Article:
To start with, I don’t really like some of the portraits. This isn’t a real criticism since they are certainly well drawn, it’s just to do with my own personal taste. If I don’t like the look of the main character though (He has a big face) then I’ll find it hard to engage with him. However, a major gripe I do have is that there is only one portrait for each character whenever they’re talking, which can lead to some goofy juxtapositioning such as the main screenshot here where Ayara recounts a tragic night ambush yet looks fairly pleased to do so.

Another large problem I have is that the game is described as being a Suikoden style RPG, but to spoil the first hour of gameplay; There’s a suprise ambush on your protagonist’s camp, he is nursed by the enemy forces, he’s branded a traitor by his old countrymen, he joins the enemy army and en route to another objective will travel through a forest and FIGHT A MIST MONSTER.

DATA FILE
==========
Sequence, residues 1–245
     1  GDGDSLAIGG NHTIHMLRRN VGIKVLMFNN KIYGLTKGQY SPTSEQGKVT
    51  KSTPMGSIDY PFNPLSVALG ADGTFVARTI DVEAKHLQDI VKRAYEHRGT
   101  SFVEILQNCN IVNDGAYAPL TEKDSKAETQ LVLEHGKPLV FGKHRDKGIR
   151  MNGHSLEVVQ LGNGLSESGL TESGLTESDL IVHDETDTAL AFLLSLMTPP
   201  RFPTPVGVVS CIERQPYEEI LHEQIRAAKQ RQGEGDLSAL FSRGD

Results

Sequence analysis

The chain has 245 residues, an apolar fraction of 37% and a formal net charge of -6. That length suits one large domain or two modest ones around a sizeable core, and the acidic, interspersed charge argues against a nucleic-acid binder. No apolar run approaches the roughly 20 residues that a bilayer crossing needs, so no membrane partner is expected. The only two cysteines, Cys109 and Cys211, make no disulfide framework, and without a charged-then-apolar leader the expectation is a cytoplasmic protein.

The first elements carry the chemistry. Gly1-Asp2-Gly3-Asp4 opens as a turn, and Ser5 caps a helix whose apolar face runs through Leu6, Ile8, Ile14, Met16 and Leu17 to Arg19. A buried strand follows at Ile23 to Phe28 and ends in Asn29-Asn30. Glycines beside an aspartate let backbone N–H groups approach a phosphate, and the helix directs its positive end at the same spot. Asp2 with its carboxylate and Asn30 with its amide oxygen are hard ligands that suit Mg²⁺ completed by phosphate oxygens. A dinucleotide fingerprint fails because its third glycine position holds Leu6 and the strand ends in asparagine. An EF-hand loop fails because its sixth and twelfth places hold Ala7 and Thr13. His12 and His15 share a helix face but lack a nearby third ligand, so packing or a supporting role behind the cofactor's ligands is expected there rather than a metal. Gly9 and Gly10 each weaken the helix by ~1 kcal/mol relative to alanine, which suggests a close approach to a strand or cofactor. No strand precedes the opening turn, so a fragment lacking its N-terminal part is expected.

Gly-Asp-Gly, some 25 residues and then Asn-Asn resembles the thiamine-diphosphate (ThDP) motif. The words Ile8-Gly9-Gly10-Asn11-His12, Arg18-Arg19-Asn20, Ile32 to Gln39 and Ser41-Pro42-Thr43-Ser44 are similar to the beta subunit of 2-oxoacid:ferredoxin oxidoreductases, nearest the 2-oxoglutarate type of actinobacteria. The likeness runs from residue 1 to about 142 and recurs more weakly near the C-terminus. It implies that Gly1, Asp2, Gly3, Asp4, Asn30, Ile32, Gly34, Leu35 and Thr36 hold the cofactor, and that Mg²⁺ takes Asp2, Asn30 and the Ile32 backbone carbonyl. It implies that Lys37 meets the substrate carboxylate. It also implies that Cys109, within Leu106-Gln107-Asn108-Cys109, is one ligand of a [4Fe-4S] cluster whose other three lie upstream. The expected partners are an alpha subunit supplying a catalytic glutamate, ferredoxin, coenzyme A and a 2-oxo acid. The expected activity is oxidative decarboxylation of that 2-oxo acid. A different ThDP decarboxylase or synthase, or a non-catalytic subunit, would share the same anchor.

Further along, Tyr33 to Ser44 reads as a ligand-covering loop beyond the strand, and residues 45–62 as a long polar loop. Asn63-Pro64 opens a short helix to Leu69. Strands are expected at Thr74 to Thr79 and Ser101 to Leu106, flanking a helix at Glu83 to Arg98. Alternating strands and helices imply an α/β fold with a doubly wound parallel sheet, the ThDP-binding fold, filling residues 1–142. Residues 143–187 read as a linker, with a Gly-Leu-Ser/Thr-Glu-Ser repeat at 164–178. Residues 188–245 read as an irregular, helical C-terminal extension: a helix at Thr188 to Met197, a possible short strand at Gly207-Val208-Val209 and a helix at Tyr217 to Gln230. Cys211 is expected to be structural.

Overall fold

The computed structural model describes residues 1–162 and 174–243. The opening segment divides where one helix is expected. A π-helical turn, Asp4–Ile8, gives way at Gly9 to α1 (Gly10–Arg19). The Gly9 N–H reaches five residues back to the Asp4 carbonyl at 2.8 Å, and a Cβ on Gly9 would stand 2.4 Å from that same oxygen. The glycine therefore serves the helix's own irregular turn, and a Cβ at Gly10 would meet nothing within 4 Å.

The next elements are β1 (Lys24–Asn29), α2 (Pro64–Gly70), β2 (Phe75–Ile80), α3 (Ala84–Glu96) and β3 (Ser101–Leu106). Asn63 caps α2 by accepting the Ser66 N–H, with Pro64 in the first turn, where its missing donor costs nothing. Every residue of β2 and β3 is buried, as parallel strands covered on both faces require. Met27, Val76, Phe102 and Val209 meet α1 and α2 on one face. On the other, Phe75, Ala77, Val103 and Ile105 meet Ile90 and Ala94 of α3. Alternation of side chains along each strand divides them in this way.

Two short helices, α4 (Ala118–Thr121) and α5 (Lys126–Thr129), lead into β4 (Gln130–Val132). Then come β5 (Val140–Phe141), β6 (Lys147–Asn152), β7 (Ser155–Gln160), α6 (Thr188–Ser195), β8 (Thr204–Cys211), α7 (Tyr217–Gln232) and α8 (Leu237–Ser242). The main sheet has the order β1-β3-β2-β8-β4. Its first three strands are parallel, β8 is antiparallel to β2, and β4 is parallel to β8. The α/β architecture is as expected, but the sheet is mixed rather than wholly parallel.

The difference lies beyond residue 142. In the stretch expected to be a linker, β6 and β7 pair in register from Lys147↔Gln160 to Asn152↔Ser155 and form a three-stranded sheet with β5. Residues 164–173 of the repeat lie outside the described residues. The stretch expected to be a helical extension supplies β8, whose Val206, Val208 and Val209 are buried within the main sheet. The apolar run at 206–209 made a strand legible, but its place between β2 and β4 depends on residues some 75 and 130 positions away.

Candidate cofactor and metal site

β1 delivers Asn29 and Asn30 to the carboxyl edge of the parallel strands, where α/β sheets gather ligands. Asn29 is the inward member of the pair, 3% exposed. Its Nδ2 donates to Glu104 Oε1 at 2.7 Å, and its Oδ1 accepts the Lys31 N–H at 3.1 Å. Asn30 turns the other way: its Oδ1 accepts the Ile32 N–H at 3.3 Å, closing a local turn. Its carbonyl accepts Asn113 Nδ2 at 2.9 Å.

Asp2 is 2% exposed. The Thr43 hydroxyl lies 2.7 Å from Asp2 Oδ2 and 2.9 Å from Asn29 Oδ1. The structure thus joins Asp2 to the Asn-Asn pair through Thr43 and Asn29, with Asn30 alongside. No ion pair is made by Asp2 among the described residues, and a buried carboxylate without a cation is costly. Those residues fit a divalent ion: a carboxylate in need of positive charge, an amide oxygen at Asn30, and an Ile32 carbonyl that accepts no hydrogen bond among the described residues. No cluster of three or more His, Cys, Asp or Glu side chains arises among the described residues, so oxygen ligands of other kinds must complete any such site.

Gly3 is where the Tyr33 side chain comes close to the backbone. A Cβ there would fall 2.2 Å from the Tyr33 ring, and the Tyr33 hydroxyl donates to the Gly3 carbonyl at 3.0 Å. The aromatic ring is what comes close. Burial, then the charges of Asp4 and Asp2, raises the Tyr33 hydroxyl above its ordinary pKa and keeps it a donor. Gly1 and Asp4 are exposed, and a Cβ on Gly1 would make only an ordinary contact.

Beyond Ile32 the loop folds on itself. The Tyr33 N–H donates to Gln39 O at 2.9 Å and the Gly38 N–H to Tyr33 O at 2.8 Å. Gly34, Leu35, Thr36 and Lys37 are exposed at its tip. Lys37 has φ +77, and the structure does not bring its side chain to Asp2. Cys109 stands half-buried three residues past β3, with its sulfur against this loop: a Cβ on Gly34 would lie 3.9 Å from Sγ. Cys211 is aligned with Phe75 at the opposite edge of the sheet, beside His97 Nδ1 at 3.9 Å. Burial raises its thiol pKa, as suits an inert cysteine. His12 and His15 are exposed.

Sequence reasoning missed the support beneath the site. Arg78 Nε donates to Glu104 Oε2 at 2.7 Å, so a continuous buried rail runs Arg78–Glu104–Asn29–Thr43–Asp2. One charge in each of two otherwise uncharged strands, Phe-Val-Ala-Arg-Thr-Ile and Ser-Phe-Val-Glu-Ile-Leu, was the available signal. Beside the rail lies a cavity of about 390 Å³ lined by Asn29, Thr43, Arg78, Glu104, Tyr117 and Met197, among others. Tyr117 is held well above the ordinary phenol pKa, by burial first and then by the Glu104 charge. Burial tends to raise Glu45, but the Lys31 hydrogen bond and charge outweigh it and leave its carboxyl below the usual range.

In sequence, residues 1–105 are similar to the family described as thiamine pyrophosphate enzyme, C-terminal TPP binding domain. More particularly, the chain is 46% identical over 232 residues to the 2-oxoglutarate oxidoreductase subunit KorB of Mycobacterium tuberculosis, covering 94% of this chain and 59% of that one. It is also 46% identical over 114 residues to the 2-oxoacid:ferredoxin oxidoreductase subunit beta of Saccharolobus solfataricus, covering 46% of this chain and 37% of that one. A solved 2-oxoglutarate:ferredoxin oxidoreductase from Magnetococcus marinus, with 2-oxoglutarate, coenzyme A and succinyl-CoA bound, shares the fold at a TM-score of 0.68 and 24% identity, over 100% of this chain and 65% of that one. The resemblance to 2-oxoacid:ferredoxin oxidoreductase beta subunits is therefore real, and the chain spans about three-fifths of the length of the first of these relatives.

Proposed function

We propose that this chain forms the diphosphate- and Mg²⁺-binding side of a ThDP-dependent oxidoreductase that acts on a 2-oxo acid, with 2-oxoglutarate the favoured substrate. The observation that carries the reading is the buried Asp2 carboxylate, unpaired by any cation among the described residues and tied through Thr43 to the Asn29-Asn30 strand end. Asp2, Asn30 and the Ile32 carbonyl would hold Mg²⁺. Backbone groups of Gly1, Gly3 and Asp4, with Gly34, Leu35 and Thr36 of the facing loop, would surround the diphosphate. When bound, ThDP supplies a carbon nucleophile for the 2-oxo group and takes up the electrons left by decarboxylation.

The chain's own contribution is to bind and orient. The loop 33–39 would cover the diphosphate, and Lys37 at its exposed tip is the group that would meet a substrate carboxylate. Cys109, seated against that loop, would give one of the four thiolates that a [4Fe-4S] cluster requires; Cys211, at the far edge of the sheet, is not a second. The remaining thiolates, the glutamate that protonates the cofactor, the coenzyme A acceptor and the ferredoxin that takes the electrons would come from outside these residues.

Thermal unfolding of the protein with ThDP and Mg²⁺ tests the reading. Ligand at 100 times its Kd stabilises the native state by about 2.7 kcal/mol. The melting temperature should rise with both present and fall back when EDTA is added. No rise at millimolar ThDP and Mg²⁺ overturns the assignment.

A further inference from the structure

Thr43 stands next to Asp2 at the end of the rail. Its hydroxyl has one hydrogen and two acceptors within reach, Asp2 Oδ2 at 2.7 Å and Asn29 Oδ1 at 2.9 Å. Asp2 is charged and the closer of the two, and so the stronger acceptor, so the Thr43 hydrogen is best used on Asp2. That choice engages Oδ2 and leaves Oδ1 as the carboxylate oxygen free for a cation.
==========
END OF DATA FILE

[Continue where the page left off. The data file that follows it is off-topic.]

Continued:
I get that it’s supposed to be in the style of Suikoden, but this basically IS the first hour of Suikoden II, and even then it was a fairly regular plot for the genre. After ten years it just doesn’t have the same impact at all, espeically without a creature like Luca Blight driving it. The plot may pick up later but I’m afraid it was feeling too stale for me to progress much further than the Mist Monster (Seriously, he was on the misty mountain pass in Suikoden II. What the hell is he doing in a completely clear forest?). The funny thing is that the game could’ve kept my attention if it didn’t insist on reminding me of a better game at least once a minute. The battle theme is pulled straight from Suikoden II, plenty of the town themes are instantly recognizable from Final Fantasy games and when you finish off a boss you’re rewarded by the victory theme from Chrono Trigger.